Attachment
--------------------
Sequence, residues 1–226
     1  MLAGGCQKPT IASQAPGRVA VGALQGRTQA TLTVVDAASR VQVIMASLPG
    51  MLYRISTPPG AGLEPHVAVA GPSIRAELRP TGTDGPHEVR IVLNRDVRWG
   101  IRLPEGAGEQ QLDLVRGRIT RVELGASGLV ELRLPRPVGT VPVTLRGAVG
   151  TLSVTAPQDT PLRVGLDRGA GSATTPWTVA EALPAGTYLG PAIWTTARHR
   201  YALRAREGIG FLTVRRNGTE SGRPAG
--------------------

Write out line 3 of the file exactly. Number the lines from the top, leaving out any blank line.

    51  MLYRISTPPG AGLEPHVAVA GPSIRAELRP TGTDGPHEVR IVLNRDVRWG